Lupus was, until recently, a little known illness effecting the immune system whereby the body essentially turns against itself.
However, it is now believed to be an extremely common disease affecting more people than AIDS, cerebral palsy, multiple sclerosis, sickle-cell anaemia and cystic fibrosis combined.
Lupus causes the immune system to lose its ability to tell the difference between foreign substances and its own cells and as a result it begins to attack the body's own tissue and organs, including the joints, kidneys, heart, lungs, brain, blood, and skin.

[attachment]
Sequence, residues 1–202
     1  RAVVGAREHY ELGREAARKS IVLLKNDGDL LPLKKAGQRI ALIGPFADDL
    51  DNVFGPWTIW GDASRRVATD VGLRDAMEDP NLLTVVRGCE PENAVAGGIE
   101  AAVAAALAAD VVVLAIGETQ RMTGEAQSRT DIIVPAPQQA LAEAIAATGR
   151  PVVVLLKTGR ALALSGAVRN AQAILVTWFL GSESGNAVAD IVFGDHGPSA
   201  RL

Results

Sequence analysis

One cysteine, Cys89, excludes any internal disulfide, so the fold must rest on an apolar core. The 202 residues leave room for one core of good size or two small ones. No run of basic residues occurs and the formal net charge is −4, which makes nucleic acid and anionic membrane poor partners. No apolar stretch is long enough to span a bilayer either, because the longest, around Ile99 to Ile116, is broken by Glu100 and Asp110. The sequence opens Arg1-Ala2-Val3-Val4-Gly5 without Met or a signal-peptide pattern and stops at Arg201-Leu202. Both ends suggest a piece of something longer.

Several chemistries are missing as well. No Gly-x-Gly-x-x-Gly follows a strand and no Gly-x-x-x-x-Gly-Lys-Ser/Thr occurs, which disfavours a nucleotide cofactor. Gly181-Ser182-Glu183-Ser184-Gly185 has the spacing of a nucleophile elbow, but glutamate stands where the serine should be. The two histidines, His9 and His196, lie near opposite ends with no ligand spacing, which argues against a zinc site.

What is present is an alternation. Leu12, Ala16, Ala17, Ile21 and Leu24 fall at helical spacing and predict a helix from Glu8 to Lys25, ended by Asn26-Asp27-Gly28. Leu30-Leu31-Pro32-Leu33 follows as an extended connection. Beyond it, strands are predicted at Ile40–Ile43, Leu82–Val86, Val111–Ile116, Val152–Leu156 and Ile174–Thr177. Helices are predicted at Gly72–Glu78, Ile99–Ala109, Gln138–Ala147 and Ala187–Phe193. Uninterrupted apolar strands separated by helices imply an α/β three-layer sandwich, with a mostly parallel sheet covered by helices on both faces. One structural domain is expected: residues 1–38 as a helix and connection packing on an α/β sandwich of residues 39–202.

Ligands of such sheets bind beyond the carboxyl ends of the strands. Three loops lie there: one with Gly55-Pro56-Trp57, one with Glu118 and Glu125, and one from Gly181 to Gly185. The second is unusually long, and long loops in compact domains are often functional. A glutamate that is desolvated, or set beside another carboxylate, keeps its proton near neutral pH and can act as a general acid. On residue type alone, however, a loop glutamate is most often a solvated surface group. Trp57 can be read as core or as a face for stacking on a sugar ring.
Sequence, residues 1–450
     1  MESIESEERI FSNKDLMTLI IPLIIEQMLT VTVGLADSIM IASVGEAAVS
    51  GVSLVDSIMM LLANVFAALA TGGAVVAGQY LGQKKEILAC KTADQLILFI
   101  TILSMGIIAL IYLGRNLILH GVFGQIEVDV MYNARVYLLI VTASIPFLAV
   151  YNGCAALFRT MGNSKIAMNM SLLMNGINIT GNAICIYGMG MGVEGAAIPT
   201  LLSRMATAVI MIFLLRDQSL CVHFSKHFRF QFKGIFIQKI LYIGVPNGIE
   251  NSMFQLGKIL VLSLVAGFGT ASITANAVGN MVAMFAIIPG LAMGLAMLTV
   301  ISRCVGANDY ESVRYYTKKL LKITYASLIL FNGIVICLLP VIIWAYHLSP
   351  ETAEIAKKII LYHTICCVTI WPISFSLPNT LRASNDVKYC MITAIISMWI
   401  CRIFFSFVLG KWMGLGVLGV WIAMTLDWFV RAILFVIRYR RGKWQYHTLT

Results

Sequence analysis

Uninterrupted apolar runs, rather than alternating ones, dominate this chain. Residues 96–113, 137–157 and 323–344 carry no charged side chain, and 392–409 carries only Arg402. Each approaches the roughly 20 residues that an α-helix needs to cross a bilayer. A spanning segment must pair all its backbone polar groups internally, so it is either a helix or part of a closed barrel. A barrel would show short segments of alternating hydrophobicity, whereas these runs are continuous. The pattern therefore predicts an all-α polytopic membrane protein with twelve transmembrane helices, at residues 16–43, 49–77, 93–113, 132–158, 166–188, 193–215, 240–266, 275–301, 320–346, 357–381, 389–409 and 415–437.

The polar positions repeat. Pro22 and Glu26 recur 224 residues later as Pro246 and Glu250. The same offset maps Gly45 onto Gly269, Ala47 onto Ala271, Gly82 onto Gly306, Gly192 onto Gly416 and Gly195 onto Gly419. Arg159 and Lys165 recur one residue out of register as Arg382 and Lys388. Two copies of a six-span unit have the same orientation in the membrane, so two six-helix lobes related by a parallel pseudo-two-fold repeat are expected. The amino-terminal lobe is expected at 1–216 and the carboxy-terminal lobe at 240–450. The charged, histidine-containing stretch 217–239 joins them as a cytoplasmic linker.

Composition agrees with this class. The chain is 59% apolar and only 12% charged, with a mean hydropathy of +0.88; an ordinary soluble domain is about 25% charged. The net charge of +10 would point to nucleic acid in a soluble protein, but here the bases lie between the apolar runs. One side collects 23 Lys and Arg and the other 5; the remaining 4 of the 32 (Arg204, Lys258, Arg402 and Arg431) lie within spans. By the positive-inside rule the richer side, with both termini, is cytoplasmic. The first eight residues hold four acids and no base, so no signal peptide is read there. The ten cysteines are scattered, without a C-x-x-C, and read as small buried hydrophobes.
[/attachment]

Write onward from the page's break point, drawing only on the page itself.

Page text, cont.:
The initial symptoms of lupus include mouth ulcers, joint pain, hair loss and general stiffness and tiredness. However, the illness can lead to more serious condition such as inflammation of the vital organs and blood clots in the lung.
Lupus is not generally a fatal disease but approximately 10% of all Lupus suffers will succumb to the illness, usually when the illness was not detected at an early stage.
Lupus cannot be fully cured but it can be effectively controlled with drugs to allow the patient to live a long, healthy life.